It strikes me as very meanspirited and derivative. It also covers Alecia being “too dumb and weak” to be a Brawn, though good luck switching them around and leaving lopsided genders on their tribes. Worst of all, it detracts from the fact that Tai is a fascinating, unique emotional center of a tribe that I feared would reject him for who he was, but instead is both winning others over with a stunning and impressive ability to be the best provider on the tribe, and then losing them due to strategic failures that alienate them. Tai’s experiences come from being involved in community gardening, being a Vietnamese refugee, and from being gay, but the beauty tribe, even Caleb who has voiced homophobic views less covered before, and Anna who seems equally as intolerant, take him for who he is despite some misconceptions- appreciating his spirit and his capabilities and then condemning perceived selfish play and conniving attitudes.
What I’m saying is, people, do not be one-upped by a rabid anti-vaxxer who sees animals as better than the autistic, or by a pussy-entitled meathead who calls himself Beast Mode Cowboy. If they could, despite misgivings, see Tai as a human being, you should as well. He’s not conventionally beautiful, and on the surface he could throw even the steeliest SJW off, but he’s shown himself as a powerful entity that his tribe appreciates and has unique interactions with. The fact that you wouldn’t wanna make his breasts a focal point all season like a certain cheerleader doesn’t take away from that.
They’re Not Completely Awful!
Digging into the preview from this week, which by Wednesday many have seen, there’s a scene that interests me and compounds with the Next Time on Survivor. If you don’t wanna hear about the preview, feel free to skip to the next bolded line. I won’t judge ya.
Okay, anyway. In the NToS Tai alarmed me by going in for the kiss on a pretty decidedly straight man, which socially is a pretty big no-no, at least for a romantic introvert like myself. Consent is all I’m asking for, even if I’m sure Tai was just trying to be funny. The preview, however, adds a layer of lightheartedness to it, and also surprises me with something else- a “bromance” between Tai and Caleb. A sort of reversal on Richard and Rudy, where the closedminded military man is the young one and the resourceful and dynamic gay man is the older one. This is not what I expected to be of their interactions but Caleb seems genuinely impressed by Tai’s capabilities.
The kiss moment is led up to, but it’s presented in a lighthearted way with even Caleb laughing in a what-the-hell amused style. I still can’t say I’d react the same, but it’s way more of a sense of humor than I expected from Caleb. Some BB fans tell me he’s had some more jokey homoerotic overtones with gay or debatably metrosexual men in the house, but I still can’t say I bought progress going in. I still can’t say I buy he’s changed now, but I’m more openminded to the idea.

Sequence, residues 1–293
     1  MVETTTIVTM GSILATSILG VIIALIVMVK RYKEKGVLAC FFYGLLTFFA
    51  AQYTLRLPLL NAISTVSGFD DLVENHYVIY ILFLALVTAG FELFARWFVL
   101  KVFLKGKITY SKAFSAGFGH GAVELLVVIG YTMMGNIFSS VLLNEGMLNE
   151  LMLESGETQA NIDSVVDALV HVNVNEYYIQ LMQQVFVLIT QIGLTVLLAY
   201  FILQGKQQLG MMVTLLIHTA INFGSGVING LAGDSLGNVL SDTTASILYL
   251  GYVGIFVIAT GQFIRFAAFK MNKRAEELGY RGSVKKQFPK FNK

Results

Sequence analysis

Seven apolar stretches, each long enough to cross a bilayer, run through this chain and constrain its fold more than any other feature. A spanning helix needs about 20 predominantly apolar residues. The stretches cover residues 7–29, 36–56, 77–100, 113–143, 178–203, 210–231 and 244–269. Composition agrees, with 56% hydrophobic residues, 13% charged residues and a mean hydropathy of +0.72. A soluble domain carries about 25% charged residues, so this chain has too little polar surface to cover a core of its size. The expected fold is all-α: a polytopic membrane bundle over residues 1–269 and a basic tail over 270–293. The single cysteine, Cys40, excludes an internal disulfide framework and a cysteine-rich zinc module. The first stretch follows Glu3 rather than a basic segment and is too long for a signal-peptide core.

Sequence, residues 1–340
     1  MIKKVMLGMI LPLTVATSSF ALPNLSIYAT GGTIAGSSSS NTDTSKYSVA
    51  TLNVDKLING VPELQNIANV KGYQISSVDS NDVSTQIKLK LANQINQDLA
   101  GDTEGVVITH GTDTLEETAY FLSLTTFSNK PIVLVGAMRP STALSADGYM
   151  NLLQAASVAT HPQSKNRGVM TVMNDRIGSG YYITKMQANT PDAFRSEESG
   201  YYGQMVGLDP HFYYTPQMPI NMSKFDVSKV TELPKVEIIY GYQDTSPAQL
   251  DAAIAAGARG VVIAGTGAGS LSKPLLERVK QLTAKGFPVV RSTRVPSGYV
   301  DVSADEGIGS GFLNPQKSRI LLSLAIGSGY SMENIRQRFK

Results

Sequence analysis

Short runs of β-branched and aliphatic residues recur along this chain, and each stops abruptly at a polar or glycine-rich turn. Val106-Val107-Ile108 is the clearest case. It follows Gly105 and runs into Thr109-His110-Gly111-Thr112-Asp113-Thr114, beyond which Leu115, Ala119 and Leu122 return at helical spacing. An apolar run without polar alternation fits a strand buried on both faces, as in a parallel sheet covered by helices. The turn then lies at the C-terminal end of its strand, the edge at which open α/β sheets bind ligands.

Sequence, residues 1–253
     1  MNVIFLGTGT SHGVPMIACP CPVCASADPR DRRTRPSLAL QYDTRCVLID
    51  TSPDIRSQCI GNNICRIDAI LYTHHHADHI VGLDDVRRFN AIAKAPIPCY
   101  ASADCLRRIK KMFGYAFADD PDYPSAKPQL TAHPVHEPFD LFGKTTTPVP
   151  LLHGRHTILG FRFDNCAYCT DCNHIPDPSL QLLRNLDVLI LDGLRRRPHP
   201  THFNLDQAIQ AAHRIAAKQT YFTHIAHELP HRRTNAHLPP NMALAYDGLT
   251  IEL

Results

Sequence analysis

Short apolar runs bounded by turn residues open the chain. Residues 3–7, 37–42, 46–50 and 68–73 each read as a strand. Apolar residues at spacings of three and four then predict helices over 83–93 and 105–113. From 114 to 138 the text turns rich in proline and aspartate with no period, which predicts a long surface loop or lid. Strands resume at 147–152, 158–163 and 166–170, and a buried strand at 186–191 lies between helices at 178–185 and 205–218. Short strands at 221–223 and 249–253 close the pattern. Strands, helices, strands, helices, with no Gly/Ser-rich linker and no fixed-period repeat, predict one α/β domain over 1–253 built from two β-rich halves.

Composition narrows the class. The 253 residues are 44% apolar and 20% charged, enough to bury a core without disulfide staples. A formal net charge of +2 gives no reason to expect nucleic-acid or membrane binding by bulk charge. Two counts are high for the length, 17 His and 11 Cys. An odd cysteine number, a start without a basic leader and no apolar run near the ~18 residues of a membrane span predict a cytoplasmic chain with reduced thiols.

Caleb is someone I’ve compared to Rodney before due to his meatheaded stupidity and bass ackward views, but he and Rodney also have something else in common- they’re pretty young, and while this generation still has a lot of bigotry to shake off there’s a lot more of a push to. I can see Rodney growing up into the good traits he possesses and I can see Caleb doing the same over time. It’s forty-something fathers like Will who harass people for being a victim of family abuse and having no loving parents that alarm me, because that is nowhere near as liable to change. Maybe this is the road to Caleb being a more mature and respectful person. I can be an optimist, even if I’ll probably look a fool.
Speaking of marginally less terrible than expected, psst you can come back now spoilerphobes, Anna has come off as surprisingly competent and less of either the absolute borewhore or horrendous harpy she showed potential to be. Her interactions with Tai were actually very nice, and reminded me that just because someone has some insane and inane views, they don’t necessarily go the full appetizer platter of crazy. After all, what did Tai do that won her over for awhile? He was good to animals. Anna loves animals intensely, more than many people. It’s no wonder that they could traverse a political and sociological gap and become friends.